Dandelion Wine by Ray Bradbury
Digital Audiobook narrated by Paul Michael Garcia
Published by Blackstone Audio, Inc., Doubleday on January 1st, 1957
Series: Green Town #1
Genres: Bildungsroman, Classics, Fiction, Magical Realism, Short Stories, Young Adult
Length: 281 pages or 8 hours, 41 minutes
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The summer of '28 was a vintage season for a growing boy. A summer of green apple trees, mowed lawns, and new sneakers. Of half-burnt firecrackers, of gathering dandelions, of Grandma's belly-busting dinner. It was a summer of sorrows and marvels and gold-fuzzed bees. A magical, timeless summer in the life of a twelve-year-old boy named Douglas Spaulding—remembered forever by the incomparable Ray Bradbury.
Ray Bradbury’s Green Town series feels like a poetic response to L. M. Mongomery’s Anne of Green Gables. They’re both beautiful, lyrical works of art, and they both wrap you up in stories of growing up and growing older. Both follow children through mundane, magical adventures. Both wrap you up inside them until you are hopelessly lost and enchanted.
Dandelion Wine has been on my TBR for years because of how iconic the sequel is – a few of you may be familiar with Something Wicked This Way Comes? I wasn’t sure what to expect – Something Wicked is introspective and spooky – it’s the original carnival story years and years before things like The Night Circus and Caraval. To my absolute delight, Dandelion Wine is in the same vein – featuring the same small town and the same writing style. It’s not about a traveling circus, but many similar themes are explored in both books.
For those looking for a solid start-to-finish plot, this book may be a little frustrating. You won’t see character arcs or massive action scenes the way we find in modern contemporaries. Instead, this book is made up of a couple dozen short stories about an adventurous, lazy summer in Green Town, Illinois. Each segment has it’s one message and perspective – most the stories are told from the POV of two boys (Douglas and Tom Spaulding) while other instrospectives are told by adults and the elderly. From the very first story of the book, you feel summer unrolling its petals like a lazy sunflower and blowing light and life into the season. Douglas himself says he has become aware of something new and incredible: he is alive.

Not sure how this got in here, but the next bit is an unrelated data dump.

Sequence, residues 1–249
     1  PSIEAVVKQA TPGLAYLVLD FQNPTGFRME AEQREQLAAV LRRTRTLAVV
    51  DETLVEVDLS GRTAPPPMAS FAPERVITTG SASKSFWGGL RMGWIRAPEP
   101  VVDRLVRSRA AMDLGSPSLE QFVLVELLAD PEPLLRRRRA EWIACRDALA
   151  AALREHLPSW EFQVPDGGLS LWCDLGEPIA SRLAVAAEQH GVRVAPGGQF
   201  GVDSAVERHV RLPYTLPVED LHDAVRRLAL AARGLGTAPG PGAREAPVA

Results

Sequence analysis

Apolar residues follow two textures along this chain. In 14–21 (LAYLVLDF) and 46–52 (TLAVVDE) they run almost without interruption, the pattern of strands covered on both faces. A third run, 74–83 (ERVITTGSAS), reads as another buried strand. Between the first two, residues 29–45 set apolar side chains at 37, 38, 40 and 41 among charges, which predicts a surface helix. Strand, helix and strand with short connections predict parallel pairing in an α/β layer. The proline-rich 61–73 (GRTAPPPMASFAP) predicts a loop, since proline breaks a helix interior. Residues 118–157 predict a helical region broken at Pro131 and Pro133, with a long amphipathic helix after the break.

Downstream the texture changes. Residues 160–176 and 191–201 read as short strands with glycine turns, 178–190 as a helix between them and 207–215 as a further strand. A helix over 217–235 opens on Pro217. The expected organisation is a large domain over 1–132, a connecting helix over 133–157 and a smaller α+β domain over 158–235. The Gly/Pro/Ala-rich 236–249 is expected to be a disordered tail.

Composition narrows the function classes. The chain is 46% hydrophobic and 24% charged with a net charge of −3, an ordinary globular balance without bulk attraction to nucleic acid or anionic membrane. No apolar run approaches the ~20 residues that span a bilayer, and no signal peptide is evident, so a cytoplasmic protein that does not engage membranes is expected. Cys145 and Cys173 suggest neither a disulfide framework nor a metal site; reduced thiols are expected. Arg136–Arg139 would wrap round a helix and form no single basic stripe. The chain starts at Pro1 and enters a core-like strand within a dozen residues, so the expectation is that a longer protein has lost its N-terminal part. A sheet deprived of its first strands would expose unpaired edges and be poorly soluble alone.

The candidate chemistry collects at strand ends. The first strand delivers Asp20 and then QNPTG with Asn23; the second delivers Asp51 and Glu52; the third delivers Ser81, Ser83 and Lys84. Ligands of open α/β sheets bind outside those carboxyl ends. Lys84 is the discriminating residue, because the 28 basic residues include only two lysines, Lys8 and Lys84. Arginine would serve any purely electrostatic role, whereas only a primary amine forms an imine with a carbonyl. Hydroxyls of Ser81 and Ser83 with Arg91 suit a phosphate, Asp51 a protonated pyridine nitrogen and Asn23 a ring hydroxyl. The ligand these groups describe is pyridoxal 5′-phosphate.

It’s so easy for us to forget that sometimes.
And so Doug and his family begin to bottle summer in bottles of dandelion wine – each bottle become representative of something the town has experienced so when they are uncorked in the cold throes of winter, each person can remember the small adventures they have had.
Really, it’s a gripping story. On one hand, it’s a reminder to us to slow down and breathe in the joys of life and not let the days run together. On the other hand, Bradbury’s writing is so atmospheric that it swallows you whole, and you don’t want to live. I adored this book because I got lost in it. It’s dawdling, lazy, and perfect for these hot August afternoons.
Fans of Something Wicked This Way Comes should not miss Dandelion Wine, but this book is perfect for anyone who likes to breathe in the sweetness of our everyday lives. It’s historical fiction, philosophy, a little mystery, and bildungsroman. I absolutely recommend it to anyone who likes that slow easy pace and the lyrical nature of classic narrative.
Best advice? Read it on a hot, sunny day while sipping lemonade on your porch.